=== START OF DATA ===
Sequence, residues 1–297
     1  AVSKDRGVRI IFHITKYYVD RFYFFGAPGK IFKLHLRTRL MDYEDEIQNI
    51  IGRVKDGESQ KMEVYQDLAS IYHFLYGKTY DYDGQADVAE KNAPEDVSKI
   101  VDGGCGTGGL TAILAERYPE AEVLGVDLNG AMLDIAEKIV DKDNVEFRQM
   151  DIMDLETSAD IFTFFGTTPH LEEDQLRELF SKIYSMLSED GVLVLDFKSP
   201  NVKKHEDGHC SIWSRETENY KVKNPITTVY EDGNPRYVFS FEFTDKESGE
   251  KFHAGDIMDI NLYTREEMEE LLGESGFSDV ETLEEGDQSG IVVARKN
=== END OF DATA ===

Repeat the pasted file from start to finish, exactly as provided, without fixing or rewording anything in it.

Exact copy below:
Sequence, residues 1–297
     1  AVSKDRGVRI IFHITKYYVD RFYFFGAPGK IFKLHLRTRL MDYEDEIQNI
    51  IGRVKDGESQ KMEVYQDLAS IYHFLYGKTY DYDGQADVAE KNAPEDVSKI
   101  VDGGCGTGGL TAILAERYPE AEVLGVDLNG AMLDIAEKIV DKDNVEFRQM
   151  DIMDLETSAD IFTFFGTTPH LEEDQLRELF SKIYSMLSED GVLVLDFKSP
   201  NVKKHEDGHC SIWSRETENY KVKNPITTVY EDGNPRYVFS FEFTDKESGE
   251  KFHAGDIMDI NLYTREEMEE LLGESGFSDV ETLEEGDQSG IVVARKN